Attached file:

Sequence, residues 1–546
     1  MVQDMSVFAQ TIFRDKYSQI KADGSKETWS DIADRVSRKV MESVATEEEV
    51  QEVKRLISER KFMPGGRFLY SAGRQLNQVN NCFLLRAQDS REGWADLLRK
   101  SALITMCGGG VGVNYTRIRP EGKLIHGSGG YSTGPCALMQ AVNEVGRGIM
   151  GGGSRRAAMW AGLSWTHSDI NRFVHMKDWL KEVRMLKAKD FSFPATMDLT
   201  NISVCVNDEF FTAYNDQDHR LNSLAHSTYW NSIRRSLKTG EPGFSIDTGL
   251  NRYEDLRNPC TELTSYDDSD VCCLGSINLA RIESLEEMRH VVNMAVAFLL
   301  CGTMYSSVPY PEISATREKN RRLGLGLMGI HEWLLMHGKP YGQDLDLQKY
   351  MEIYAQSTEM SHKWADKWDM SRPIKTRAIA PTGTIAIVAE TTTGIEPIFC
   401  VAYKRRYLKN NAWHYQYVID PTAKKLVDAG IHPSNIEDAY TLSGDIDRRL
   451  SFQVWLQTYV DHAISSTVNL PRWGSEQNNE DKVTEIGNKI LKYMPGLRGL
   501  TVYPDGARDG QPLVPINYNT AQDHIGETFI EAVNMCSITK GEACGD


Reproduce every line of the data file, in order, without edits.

Sequence, residues 1–546
     1  MVQDMSVFAQ TIFRDKYSQI KADGSKETWS DIADRVSRKV MESVATEEEV
    51  QEVKRLISER KFMPGGRFLY SAGRQLNQVN NCFLLRAQDS REGWADLLRK
   101  SALITMCGGG VGVNYTRIRP EGKLIHGSGG YSTGPCALMQ AVNEVGRGIM
   151  GGGSRRAAMW AGLSWTHSDI NRFVHMKDWL KEVRMLKAKD FSFPATMDLT
   201  NISVCVNDEF FTAYNDQDHR LNSLAHSTYW NSIRRSLKTG EPGFSIDTGL
   251  NRYEDLRNPC TELTSYDDSD VCCLGSINLA RIESLEEMRH VVNMAVAFLL
   301  CGTMYSSVPY PEISATREKN RRLGLGLMGI HEWLLMHGKP YGQDLDLQKY
   351  MEIYAQSTEM SHKWADKWDM SRPIKTRAIA PTGTIAIVAE TTTGIEPIFC
   401  VAYKRRYLKN NAWHYQYVID PTAKKLVDAG IHPSNIEDAY TLSGDIDRRL
   451  SFQVWLQTYV DHAISSTVNL PRWGSEQNNE DKVTEIGNKI LKYMPGLRGL
   501  TVYPDGARDG QPLVPINYNT AQDHIGETFI EAVNMCSITK GEACGD